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The strongest detrimental loss of bone mass in women occurs during the menopause. Hormone replacement treatment used to be the preferred method to prevent further bone loss post-menopausal and to reduce the likelihood of fractures in post-menopausal women.
Nowadays with the development of bisphosphanate treatments such as Fosamax, BONIVA and Zometa, HRT is rarely recommended for the treatment of osteoporosis alone as it is considered to be a riskier treatment due to side effects such as endometrial and breast cancers. The International Menopause Society has offered guidelines as to when hormone replacement therapy is recommended. These recommendations are strongly linked to age and personal circumstances; your doctor will be able to advise you on the correct treatment following a medical examination.
Female sex hormones play a major role in skeletal development in women and in the loss rate of bone mass. Both late menarche and early menopause can lead to a decrease in bone mass, whereas the use of the contraceptive can help to maintain/increase bone mass. There is a strong link between changes in hormone levels and osteoporosis, with the onset of the condition typically occurring at the start of the menopause.
Since the 1950’s hormone replacement has been known to have a beneficial effect upon the skeleton; its use overcame the loss of height often seen in postmenopausal women. The use of oestrogen was common place until the 1970’s when medical research linked its use with an increased chance of endometrial carcinoma. The addition of progestogen to oestrogen eliminated these risks and the use of hormone replacement treatment is commonplace once again.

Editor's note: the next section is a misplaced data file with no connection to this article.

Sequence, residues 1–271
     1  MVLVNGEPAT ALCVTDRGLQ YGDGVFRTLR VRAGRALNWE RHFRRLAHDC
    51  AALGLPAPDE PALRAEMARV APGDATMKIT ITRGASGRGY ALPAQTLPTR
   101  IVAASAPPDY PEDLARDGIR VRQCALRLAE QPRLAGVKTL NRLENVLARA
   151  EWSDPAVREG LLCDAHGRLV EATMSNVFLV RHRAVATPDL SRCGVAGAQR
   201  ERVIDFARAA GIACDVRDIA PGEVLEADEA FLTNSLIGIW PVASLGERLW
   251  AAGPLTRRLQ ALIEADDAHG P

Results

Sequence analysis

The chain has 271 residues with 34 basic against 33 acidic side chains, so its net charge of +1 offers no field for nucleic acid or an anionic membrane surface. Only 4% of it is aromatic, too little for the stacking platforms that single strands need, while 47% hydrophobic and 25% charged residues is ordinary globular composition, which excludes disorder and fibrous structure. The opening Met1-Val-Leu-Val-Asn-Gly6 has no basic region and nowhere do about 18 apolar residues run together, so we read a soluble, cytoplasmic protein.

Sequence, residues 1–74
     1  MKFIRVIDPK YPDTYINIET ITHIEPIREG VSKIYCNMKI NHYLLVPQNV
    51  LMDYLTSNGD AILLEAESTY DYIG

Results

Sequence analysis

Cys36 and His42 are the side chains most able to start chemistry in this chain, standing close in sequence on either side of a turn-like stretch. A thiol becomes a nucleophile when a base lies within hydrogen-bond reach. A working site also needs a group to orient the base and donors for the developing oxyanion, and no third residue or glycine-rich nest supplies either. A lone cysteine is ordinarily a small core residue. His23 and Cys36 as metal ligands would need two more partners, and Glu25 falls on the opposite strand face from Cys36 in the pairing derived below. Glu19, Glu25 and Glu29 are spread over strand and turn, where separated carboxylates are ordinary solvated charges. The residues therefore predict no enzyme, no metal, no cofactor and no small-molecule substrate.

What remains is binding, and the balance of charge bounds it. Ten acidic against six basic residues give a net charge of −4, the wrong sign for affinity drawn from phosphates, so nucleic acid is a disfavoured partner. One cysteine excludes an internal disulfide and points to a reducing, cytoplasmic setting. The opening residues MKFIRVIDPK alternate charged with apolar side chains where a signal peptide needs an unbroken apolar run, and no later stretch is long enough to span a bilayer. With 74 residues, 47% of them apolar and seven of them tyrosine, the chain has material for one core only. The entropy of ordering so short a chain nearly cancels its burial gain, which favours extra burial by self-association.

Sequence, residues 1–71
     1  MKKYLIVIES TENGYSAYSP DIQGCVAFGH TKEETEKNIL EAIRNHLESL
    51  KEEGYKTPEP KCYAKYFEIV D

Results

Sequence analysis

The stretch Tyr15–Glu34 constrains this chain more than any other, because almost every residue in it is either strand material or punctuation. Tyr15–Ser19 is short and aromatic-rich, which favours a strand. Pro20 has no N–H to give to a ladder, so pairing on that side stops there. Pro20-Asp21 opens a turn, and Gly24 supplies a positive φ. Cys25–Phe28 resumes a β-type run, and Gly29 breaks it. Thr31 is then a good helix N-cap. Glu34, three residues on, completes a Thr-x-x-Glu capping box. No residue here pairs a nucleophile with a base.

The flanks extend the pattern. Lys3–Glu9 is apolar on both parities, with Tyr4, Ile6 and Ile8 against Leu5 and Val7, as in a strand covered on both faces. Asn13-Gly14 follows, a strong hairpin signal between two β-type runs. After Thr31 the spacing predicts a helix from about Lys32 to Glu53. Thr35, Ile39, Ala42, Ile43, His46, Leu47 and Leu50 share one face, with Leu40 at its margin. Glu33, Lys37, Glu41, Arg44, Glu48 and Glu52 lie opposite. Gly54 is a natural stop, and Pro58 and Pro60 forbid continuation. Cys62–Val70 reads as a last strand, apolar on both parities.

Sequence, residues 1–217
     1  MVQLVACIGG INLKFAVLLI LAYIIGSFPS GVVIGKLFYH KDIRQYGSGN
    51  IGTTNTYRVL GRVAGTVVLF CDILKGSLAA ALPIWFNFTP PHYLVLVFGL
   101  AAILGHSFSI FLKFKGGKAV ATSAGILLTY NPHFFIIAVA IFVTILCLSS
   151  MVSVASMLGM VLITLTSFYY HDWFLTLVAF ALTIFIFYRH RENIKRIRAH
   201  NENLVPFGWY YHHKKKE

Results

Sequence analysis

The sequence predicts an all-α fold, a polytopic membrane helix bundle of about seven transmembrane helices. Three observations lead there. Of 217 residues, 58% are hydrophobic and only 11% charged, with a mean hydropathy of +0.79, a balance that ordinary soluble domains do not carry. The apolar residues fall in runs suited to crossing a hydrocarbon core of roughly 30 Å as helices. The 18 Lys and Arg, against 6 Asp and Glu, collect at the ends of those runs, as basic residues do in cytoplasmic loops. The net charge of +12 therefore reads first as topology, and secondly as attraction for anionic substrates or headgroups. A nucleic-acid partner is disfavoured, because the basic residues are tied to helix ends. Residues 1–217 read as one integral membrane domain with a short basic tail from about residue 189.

Studies aimed at better understanding the relationships between hormone replacement therapy for women and stabilisation of bone mass, have shown that after a three year use of 17beta-oestridiol, oestriol and norethisterone there was a marked increase in radial bone mass in patients, whilst the control group lost bone mass. Furthermore, upon stopping of the hormone replacement therapy osteoporosis treatment bone mass was lost at a similar rate as seen in the control group. The use of hormone replacement was found to be still effective if carried out two years after the onset of the menopause, and the use of a calcium supplement alone did not prevent loss of bone mass.
There have been many studies that have looked into the relationship of the use of hormone replacement treatment with the incidence of bone fractures. Most of these investigations have found that there is a reduction in the likelihood of fractures in people who have been taking treatments for a five year period
To summarise the use of hormone replacement therapy helps to reduce bone mass loss and hence protect vertebral bone mass and height. Additionally it helps to reduce the incidence of bone fractures and it is recommended that for the best beneficial effects that hormone replacement treatment is taken as soon as possible after the onset of the menopause and for as long a period as possible. However there are many possible side-effects associated with this type of osteoporosis treatment, and it is no longer recommended for the treatment of osteoporosis alone.